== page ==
How To Drink Vermouth And Simple Upgrades That Let It Shine

Vermouth is far more than just the side character in a Negroni or winter Boulevardier cocktail recipe. Over ice with some fresh herbs, it makes for a delicious drink on its own with a complex and dimensional profile. If you're looking to switch things up at the bar, look no further than vermouth.

Vermouth is technically a type of fortified wine like sherry or port. In fortification, the grape-based wine is spiked with grape-based brandy, which increases the alcohol content (15 to 22%) and adds richness. Then, the fusion is macerated with a variety of botanicals and spices that differ from brand to brand. As in any type of mixology, knowing your ingredients is crucial to creating a balanced drink, and whether you use dry (white) or sweet (red) vermouth will make a huge difference. Long story short, the two are not interchangeable.

Dry vermouth (5% sugar) presents a crisp, floral, slightly tart profile. It's a crucial ingredient in strong, mature cocktails like the Dry Martini, Django Reinhardt, and El Presidente. Conversely, sweet vermouth (15% sugar) is a medium-bodied, herbal, slightly spiced sipper comparable to a less-rich amaro.

If you're into the craft of mixology, then the world of vermouth is your terrain. It's easy to make vermouth the star of its own tasty beverage by playing to its characteristics and layers of flavor. We've rounded up a few pairing ideas to help fortify your brainstorm (pun intended).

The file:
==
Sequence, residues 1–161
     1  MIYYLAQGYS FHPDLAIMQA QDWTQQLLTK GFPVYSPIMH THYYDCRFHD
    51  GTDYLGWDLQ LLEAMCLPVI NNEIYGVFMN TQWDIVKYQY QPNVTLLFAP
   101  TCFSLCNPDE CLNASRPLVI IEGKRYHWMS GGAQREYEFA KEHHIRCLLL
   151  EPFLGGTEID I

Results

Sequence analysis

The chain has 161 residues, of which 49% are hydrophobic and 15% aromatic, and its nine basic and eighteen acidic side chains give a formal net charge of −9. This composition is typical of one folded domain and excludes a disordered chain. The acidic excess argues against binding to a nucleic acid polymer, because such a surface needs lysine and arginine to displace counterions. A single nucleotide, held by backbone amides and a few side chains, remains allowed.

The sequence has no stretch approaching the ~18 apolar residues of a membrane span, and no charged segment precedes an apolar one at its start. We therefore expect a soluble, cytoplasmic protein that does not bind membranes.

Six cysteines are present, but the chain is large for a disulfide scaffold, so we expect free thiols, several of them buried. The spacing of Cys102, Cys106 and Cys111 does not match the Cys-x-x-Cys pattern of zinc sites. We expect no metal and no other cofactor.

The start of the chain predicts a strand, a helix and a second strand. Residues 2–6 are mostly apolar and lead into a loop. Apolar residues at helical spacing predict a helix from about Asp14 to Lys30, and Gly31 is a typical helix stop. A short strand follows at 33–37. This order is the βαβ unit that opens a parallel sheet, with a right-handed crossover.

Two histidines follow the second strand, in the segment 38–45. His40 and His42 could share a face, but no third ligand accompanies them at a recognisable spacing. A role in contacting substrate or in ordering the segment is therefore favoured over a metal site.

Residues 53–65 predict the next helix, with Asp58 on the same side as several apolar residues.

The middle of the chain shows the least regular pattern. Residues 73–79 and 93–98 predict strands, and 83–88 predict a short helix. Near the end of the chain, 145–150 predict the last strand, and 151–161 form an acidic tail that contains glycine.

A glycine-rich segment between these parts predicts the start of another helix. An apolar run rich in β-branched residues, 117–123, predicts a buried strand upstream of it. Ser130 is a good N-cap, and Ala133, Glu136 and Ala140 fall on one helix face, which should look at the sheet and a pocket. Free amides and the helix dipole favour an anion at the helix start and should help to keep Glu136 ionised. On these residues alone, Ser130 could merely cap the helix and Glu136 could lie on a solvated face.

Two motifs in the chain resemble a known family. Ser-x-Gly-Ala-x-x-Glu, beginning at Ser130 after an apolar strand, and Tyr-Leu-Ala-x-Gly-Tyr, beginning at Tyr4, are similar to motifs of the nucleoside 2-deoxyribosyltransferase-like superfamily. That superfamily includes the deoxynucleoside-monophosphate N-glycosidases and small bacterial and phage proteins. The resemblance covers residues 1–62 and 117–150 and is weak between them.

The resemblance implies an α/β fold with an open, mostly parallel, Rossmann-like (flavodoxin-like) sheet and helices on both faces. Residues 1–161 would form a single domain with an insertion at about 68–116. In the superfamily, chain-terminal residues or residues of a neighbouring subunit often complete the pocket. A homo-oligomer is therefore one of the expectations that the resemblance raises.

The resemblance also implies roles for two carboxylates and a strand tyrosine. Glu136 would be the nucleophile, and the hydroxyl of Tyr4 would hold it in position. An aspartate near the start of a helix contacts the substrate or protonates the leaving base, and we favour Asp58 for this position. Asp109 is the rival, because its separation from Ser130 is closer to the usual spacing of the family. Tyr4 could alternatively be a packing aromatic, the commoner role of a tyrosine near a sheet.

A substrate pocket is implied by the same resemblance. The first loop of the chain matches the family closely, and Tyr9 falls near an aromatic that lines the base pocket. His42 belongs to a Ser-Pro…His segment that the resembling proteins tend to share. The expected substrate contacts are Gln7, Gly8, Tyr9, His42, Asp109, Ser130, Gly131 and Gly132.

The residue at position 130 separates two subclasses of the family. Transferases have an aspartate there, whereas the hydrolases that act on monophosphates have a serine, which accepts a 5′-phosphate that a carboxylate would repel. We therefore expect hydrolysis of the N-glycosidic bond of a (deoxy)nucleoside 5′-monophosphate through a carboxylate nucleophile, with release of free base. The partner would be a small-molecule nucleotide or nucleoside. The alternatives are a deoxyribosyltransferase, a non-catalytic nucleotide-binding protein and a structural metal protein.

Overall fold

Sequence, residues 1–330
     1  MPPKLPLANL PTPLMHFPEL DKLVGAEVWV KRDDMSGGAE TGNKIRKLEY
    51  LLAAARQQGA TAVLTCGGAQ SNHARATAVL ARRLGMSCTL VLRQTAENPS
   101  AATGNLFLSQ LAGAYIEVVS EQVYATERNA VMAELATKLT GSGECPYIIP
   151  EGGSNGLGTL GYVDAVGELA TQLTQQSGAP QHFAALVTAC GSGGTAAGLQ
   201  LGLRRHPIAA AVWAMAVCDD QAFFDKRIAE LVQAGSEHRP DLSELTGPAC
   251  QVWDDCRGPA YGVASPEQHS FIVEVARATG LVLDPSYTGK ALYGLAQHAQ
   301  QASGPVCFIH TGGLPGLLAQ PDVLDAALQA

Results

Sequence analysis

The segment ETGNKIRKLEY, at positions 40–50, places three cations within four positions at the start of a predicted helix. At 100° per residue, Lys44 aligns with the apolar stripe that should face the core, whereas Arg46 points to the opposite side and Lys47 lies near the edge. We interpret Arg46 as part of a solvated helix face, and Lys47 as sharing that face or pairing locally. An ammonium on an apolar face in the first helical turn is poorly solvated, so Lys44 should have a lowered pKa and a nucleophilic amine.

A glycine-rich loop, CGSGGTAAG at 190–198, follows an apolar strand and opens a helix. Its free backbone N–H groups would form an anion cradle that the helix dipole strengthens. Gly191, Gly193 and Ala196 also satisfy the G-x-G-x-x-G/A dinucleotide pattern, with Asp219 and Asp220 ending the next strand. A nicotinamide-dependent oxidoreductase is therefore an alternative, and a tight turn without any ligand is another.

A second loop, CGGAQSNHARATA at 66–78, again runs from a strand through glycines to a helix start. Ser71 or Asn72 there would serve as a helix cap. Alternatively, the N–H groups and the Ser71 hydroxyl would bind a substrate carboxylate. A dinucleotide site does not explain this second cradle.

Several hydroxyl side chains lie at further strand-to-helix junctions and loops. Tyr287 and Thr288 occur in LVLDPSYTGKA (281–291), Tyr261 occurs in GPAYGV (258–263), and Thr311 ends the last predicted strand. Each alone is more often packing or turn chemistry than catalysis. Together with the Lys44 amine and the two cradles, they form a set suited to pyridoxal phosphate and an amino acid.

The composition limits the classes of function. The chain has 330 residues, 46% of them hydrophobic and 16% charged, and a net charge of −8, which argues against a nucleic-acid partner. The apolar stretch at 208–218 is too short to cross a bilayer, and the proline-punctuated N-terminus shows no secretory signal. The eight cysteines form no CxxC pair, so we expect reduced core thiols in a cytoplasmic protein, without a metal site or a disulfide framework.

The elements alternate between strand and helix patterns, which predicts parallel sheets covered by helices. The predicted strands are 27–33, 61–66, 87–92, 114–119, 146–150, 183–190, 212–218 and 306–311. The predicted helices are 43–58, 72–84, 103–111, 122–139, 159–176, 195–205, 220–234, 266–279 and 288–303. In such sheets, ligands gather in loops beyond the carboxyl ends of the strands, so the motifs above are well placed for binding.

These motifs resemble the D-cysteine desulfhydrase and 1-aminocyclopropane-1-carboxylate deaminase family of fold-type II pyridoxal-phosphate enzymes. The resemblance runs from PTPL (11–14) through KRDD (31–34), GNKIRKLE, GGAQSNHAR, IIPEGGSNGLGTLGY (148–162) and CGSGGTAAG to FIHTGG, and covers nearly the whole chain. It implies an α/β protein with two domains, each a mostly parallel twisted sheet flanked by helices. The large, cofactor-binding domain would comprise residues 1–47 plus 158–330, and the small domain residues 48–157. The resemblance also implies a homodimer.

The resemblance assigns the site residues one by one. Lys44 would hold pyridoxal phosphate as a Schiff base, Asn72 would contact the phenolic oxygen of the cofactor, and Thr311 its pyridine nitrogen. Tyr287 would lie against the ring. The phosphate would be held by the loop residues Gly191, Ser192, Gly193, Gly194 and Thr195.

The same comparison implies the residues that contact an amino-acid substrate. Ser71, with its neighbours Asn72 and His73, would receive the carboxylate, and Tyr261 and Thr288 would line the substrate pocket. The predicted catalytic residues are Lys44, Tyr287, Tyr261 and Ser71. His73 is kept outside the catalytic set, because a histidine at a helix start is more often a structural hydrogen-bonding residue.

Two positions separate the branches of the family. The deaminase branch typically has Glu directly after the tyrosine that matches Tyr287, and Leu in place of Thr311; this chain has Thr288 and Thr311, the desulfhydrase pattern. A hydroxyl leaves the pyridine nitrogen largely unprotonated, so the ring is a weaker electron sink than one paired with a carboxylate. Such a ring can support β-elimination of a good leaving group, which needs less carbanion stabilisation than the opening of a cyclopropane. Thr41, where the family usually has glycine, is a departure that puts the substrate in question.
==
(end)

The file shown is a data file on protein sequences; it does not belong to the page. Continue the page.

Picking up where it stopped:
Va va vermouth

In general, the sweet vermouth varieties are likely to be more approachable for newer sippers. Like it straight up? Sweet vermouth would be delicious served on the rocks with an orange twist (be sure to express the natural orange oils by rubbing the peel around the rim of the glass). Or, for a more decadent digestif, pop a few whole cherries and almonds into a glass of red vermouth and serve it with some high-quality dark chocolate. Is dry more your style? Enjoy a long pour of dry vermouth over ice with a lemon twist.

You could also add a neutral mixer for a little pleasant dilution. Sweet red vermouth would pair well with soda water and a sprig of fresh rosemary. Dry vermouth would be complemented by sparkling water, an orange slice, and a few fresh mint leaves. For a more elaborate beverage, you could add a scant splash of lemon-lime soda to dry vermouth on the rocks, plus a grapefruit twist and a scrape of fresh vanilla bean.

To emphasize the existing spicier notes in sweet vermouth, try complementary spices as garnishes. A cinnamon stick, whole clove, gentian, gooseberries, licorice root, or wormwood would all make visually arresting finishers. Or, for stronger flavor infusion, you could shake your vermouth with ice and these flavorful spices in a cocktail shaker and strain into a rocks glass to enjoy. Stored in the fridge, an opened bottle of vermouth can retain its quality for four to six weeks.